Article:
Bazyliszek still exists, but today reservations are hard to come by, as are tables at Dom Restauracyjny Gessler and at Fukier, the two other elegant restaurants that front the square. Each serves a variety of dishes, from traditional borscht to roast venison in cranberry sauce; well-dressed locals crowd the bars and dining rooms. Raucous dance music blares from a nearby club.

As I sat at the café I marveled at what these 20 years had wrought. Except for the Royal Palace, the restoration of the Old Town had already been completed by 1979, but only now could its effects be appreciated -- in the gleaming façades, the bustling restaurants, the new life on the streets. For though the seeds of the city's revival were planted under Communism, it took the spoils of capitalism to bring them to full flower.

"I come here every day for a cup of coffee," says Hanna Szwankowska, 79, a Warsaw historian born and raised in the Old Town. "I like to see how much livelier the neighborhood is now -- even more so than just a few years ago."

Hanna and her husband fled to the countryside in the early years of World War II, but returned on January 20, 1945, three days after the city was liberated by the Red Army. "The Germans had destroyed street after street with firebombs and robbed all they could find," she recalls. "When we returned to the Old Town, the piles of brick were as high as one-story buildings. Rats were everywhere. There were no people, just snow and absolute silence."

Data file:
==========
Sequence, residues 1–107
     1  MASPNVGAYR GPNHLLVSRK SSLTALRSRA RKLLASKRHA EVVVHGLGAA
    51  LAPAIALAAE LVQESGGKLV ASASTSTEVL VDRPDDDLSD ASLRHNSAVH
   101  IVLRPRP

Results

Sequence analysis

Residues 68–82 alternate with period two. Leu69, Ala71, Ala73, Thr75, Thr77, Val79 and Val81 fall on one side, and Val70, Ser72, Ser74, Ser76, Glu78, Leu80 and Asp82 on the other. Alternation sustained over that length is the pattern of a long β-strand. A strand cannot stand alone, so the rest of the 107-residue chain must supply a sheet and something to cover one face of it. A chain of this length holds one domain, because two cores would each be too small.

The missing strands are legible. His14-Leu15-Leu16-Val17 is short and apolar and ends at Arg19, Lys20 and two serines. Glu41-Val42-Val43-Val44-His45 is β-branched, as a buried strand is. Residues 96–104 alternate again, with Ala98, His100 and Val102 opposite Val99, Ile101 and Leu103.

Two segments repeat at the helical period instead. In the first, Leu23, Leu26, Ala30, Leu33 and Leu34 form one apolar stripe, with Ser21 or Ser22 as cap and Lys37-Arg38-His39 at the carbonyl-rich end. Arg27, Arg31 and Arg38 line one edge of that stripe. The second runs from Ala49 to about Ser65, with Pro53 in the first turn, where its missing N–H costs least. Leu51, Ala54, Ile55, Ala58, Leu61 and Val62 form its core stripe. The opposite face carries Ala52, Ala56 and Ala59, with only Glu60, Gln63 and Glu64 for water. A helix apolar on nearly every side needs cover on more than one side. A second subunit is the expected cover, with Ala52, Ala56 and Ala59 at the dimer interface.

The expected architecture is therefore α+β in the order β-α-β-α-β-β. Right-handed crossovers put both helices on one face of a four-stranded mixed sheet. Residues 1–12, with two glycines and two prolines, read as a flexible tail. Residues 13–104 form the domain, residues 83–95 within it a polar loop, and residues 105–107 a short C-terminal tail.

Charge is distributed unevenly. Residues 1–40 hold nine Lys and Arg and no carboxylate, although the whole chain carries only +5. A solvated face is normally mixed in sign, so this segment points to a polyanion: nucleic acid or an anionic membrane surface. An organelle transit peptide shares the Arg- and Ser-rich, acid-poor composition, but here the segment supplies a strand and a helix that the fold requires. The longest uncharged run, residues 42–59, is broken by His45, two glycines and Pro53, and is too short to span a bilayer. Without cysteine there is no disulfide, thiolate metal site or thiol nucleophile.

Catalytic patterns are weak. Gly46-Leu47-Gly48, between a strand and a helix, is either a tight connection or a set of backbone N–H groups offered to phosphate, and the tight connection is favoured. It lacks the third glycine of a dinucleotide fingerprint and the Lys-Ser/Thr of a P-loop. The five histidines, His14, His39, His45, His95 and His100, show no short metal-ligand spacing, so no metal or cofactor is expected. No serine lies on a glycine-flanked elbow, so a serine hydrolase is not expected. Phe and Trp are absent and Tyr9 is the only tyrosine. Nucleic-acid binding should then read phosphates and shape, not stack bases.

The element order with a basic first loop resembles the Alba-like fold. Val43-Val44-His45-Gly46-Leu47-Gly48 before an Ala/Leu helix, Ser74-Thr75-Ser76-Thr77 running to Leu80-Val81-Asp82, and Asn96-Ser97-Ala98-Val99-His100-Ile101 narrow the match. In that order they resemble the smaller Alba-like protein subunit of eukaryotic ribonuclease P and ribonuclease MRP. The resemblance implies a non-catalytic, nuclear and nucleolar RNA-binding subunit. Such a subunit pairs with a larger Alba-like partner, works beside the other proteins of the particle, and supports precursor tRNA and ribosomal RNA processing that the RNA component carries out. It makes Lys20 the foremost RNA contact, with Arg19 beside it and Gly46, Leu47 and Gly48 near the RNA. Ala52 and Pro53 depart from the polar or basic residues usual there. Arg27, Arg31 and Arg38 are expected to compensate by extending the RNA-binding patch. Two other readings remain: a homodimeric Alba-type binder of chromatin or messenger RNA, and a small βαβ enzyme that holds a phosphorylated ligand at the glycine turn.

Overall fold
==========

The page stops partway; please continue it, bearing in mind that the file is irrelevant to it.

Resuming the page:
The day after Poland's liberation, teams of volunteers began the seemingly hopeless task of saving what was left and rebuilding what was lost. They sifted through endless rubble to collect and categorize usable pieces of architecture. They interviewed thousands of people for their recollections of what the buildings looked like. They sorted through daguerreotypes and photos from the 1850's, old wood prints, and an album of cityscapes painted in 1778.

In a bid for authenticity, the restoration teams also searched the country for craftsmen familiar with old construction methods. At the Royal Palace, for example, workers reproduced gilded wall lamps employing the same lost-wax technique used to cast them 200 years ago. One 90-year-old worker had learned, during the czarist occupation of Poland, how to spin gold onto bas-relief; he told the younger craftsmen to smear butter on their fingers to better handle the sticky filigree.

In some cases the planners had to improvise. It was understood that, in the 17th century, the exteriors of some buildings were painted, but no one knew exactly how or with what colors. Today, their façades are done up in sepia, beige, muted green, and burnt orange. The color scheme was, Hanna Szwankowska says with a smile, "a bit of fantasy." Indeed, the whole project has the feel of fantasy. As I walked the streets of the Old Town I found it hard to believe that all this was rebuilt from scratch, through a nation's colossal will.

It's one thing to reconstruct buildings; it is quite another to rebuild the culture of a people who have largely vanished. The attempt to restore some vestige of Poland's pre-war Jewish life has been predictably fraught with problems. By 1979, when I first arrived in Warsaw, even the memories of that life had faded from the former Jewish quarter. Sterile apartment buildings had replaced the wartime rubble of Jewish prayerhouses and meeting halls. All that remained from the old days was an overgrown Jewish cemetery and a single synagogue -- saved from destruction during the war because the Nazis had used it as a stable. There wasn't one rabbi residing in all of Poland. The synagogue stood empty, its windows broken -- a sad site of pilgrimage for tourists and a handful of elderly Polish Jews.